This dissertation explores how English aristocratic and gentry women utilized their widowhoods to actively craft their personal image as well as influence and alter their communities. Free from the common law principles of coverture, English widows gained new legal autonomy. Additionally, many affluent women received substantial inheritances at the deaths of their husbands thus providing them with the financial freedom.

While widowhood offered English women new independence, it was also accompanied by a multitude of expectations. Sixteenth and seventeenth century authors and scholars developed and perpetuated specific conduct deemed appropriate for widows. The behaviors for created for widowed women contributed ...


Clarkson, Mona (Wimp), 1849-1910 (Sc 3458), Manuscripts & Folklife Archives Jul 2019

Clarkson, Mona (Wimp), 1849-1910 (Sc 3458), Manuscripts & Folklife Archives

MSS Finding Aids

Finding aid only for Manuscripts Small Collection 3458. Letter, 2 May 1895, of Mona Clarkson, Big Spring, Kentucky, to her daughter Lady E. Clarkson. She offers encouragement to her daughter, who is taking voice lessons in Louisville, Kentucky, and urges her to protect her health. She discusses the sewing activities of several female friends and offers wardrobe planning advice. She also encloses a letter from a male friend of Lady’s regarding his return of a book.


Curating Care: Creativity, Women’S Work, And The Carers Uk Archive, Alice Hall, Hannah Tweed Jul 2019

Curating Care: Creativity, Women’S Work, And The Carers Uk Archive, Alice Hall, Hannah Tweed

Journal of Contemporary Archival Studies

This article analyses the previously unexplored archives of the British charity, Carers UK, and its predecessor organizations, from its formation in 1965 to the present day. We argue that the archive is a valuable resource for social, political, and economic histories of care in the home, women’s work, feminist campaigns, and charitable organizations in the UK and beyond. It gives voice to traditionally silenced populations of carers through a strikingly diverse range of letters, edited collections of fiction, minutes of meetings, video diaries, newsletters, and anthologies of creative writing. As a case study, the Carers UK archive provides an ...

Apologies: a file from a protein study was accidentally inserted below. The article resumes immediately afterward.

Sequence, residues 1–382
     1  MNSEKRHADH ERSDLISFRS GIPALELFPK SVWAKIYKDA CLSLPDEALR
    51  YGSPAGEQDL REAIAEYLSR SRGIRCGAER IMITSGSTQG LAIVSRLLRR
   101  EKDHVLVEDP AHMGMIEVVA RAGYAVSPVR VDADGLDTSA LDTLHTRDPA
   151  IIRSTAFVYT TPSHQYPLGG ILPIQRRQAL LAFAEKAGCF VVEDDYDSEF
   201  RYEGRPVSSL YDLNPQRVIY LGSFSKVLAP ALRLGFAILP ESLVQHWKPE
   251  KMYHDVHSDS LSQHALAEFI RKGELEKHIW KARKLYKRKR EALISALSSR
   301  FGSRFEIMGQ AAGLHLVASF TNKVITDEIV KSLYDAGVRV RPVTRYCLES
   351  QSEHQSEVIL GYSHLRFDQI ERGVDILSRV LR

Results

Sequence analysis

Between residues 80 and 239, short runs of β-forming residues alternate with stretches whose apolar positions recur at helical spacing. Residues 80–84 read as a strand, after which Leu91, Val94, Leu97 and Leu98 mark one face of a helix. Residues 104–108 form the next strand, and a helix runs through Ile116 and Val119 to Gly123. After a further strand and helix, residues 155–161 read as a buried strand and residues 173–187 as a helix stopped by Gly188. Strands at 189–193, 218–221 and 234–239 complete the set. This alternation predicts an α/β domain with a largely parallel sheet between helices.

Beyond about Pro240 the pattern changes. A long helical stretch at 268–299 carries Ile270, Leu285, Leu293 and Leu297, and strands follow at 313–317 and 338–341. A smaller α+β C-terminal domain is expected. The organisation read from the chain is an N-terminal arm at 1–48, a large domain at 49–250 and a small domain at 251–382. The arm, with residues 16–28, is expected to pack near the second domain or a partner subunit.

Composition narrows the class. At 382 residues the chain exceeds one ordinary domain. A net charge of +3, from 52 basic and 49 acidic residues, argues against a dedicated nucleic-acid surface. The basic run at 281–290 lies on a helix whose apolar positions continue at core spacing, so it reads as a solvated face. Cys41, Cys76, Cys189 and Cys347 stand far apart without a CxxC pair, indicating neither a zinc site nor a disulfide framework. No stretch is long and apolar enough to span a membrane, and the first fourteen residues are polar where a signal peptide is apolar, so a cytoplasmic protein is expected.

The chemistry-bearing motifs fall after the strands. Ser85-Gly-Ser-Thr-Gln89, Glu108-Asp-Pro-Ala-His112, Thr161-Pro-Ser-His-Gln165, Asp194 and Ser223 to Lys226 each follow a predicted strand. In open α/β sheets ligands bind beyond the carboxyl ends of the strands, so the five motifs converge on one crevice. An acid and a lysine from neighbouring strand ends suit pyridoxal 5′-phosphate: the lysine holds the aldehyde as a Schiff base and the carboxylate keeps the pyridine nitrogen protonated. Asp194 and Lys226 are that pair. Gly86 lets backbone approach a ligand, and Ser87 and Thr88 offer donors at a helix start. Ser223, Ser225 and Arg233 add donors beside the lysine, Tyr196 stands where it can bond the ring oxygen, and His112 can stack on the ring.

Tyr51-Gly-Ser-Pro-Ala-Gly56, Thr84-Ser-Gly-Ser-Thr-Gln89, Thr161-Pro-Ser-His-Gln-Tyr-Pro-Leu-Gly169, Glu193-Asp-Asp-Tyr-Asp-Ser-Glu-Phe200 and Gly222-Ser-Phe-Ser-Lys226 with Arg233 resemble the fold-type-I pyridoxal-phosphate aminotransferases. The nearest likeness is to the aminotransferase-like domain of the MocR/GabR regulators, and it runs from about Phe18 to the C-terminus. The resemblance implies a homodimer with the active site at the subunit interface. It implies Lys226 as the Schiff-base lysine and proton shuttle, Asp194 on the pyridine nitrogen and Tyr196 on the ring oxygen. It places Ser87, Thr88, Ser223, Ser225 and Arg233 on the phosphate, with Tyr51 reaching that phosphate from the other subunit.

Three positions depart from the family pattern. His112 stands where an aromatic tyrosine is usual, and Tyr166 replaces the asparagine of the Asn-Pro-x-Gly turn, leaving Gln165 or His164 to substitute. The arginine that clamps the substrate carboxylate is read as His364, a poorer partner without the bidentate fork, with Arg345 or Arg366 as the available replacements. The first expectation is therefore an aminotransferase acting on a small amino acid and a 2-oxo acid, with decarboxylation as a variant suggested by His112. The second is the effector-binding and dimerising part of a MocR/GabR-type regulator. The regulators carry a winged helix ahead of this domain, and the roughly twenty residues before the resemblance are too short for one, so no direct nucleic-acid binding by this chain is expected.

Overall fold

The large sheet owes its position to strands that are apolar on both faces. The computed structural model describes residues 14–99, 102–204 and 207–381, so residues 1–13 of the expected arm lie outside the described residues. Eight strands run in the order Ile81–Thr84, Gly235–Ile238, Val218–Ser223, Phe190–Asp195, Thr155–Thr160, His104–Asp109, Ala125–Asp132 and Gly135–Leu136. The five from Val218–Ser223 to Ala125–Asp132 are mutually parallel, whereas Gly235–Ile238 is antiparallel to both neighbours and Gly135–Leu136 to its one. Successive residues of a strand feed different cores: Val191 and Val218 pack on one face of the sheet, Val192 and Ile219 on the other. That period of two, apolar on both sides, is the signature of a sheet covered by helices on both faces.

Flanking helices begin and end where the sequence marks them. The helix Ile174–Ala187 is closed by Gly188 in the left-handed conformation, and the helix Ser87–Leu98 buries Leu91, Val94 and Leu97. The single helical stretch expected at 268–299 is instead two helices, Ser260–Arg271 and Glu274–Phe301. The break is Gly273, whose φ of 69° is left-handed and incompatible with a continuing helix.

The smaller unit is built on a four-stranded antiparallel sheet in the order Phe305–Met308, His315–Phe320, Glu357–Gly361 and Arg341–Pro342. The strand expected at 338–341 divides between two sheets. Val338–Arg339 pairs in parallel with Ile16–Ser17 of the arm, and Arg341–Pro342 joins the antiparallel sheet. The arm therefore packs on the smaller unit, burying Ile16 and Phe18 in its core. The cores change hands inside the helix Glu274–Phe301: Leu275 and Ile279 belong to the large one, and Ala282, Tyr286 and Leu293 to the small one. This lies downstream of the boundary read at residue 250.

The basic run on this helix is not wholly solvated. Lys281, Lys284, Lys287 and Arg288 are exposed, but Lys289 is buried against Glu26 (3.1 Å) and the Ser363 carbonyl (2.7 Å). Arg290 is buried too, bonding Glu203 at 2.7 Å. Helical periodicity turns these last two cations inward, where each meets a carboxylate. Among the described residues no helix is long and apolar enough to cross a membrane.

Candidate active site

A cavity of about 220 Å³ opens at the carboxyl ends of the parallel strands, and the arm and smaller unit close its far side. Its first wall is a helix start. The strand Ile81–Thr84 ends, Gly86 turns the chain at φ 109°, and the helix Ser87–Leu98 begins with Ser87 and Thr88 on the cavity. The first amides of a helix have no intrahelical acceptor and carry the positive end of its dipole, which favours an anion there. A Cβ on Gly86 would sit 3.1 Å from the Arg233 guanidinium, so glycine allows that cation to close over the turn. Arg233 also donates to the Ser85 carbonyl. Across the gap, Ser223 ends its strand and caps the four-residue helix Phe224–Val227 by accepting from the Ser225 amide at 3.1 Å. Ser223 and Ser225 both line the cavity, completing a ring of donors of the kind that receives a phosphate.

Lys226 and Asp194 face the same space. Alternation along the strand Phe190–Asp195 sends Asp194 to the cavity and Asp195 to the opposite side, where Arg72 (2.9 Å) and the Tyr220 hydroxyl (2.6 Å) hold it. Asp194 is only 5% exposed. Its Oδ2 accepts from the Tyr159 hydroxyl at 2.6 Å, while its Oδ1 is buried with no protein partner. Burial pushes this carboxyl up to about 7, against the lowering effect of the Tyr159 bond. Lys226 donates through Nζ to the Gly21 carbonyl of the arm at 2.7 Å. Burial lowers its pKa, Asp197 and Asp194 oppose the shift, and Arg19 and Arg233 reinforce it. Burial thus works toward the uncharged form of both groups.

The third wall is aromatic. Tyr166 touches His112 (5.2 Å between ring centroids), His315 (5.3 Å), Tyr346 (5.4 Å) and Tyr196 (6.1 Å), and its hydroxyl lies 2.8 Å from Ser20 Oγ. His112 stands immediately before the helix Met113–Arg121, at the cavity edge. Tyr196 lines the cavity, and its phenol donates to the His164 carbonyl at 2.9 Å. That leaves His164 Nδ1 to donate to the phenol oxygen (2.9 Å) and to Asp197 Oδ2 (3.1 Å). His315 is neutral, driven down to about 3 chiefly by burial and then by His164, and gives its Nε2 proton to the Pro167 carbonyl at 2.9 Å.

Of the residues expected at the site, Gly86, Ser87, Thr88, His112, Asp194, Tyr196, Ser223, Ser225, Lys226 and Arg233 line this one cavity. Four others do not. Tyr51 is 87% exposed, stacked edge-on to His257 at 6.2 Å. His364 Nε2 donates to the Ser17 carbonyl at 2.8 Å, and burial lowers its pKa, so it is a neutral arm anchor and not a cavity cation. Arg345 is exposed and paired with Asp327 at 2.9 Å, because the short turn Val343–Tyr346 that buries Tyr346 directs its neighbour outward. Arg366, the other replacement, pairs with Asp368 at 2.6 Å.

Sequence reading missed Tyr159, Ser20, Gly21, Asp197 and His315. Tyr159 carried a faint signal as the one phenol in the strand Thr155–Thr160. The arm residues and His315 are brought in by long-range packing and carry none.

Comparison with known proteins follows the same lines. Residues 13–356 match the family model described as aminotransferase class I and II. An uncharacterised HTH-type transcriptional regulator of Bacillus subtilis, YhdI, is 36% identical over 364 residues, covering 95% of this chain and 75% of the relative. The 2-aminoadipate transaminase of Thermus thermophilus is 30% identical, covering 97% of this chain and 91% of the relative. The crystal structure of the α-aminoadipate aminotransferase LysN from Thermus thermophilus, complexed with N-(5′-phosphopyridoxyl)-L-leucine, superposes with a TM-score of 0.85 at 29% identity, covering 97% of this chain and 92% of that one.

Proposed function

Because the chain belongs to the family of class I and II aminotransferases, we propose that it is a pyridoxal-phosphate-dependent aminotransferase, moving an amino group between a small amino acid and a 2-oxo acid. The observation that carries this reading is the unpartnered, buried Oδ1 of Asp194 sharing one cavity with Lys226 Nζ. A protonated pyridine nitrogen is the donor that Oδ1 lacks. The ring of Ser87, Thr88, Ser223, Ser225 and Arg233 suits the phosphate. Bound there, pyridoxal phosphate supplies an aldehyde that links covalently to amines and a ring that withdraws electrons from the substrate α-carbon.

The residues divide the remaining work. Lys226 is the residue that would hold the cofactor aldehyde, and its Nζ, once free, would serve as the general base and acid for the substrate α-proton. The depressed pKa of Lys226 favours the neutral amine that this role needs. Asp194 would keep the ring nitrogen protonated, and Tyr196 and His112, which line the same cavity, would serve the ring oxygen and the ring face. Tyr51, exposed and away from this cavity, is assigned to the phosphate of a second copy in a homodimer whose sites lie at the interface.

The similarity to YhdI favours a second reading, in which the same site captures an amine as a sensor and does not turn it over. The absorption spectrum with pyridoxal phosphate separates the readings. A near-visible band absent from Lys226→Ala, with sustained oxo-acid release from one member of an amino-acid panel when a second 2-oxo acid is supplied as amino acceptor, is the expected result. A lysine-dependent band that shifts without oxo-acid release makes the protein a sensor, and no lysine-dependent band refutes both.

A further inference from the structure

Lessons From The 1800s: Creating The Miss Porter's School Digital Archive, Deborah Smith Jul 2019

Lessons From The 1800s: Creating The Miss Porter's School Digital Archive, Deborah Smith

Journal of Contemporary Archival Studies

College preparatory (“prep”) schools have their roots in the New England region of the United States; many predate the nation's most illustrious colleges and universities. The archives at these schools contain items of importance to American history in the 1800s. However, few schools have trained archivists managing their physical collections and even fewer have created digital archives to increase access. Founded in 1848, Miss Porter's School in Farmington, Connecticut was one of the first independent schools devoted to the education of young women. This article reviews the creation of the Porter's digital archive in 2018 and examines ...


Who’S On First? Kansas City’S Female Baseball Stars, 1899–1929, Mark E. Eberle Jul 2019

Who’S On First? Kansas City’S Female Baseball Stars, 1899–1929, Mark E. Eberle

Mark E. Eberle

Although female players were typically excluded from formal baseball teams, teams consisting entirely or partly of female players were organized across the country as early as the mid-1800s. The first female baseball club in Kansas and adjacent states was organized in Wichita in 1873. These early teams predated the arrival of the barnstorming teams with female players and usually one or more male players, who were sometimes disguised as women. Female players on most of these early traveling teams wore bloomers, and the teams were referred to as “bloomer girls.” Women on later teams wore traditional baseball uniforms and objected ...


Index To Margery Jordan Pease Interview, Melvin Van Hurck Jul 2019

Index To Margery Jordan Pease Interview, Melvin Van Hurck

Linfield College Public History Project: World War II as Experience and Memory

This index provides a time-stamped overview of the subjects discussed during an oral history interview with Margery (Jordan) Pease, Linfield College class of 1947.


Index To Virginia Haynes Yungen Interview, Melvin Van Hurck Jul 2019

Index To Virginia Haynes Yungen Interview, Melvin Van Hurck

Linfield College Public History Project: World War II as Experience and Memory

This index provides a time-stamped overview of the subjects discussed during an oral history interview with Virginia (Haynes) Yungen, Linfield College class of 1947.


Index To Dorothy Buckingham Adkins Interview, Melvin Van Hurck Jul 2019

Index To Dorothy Buckingham Adkins Interview, Melvin Van Hurck

Linfield College Public History Project: World War II as Experience and Memory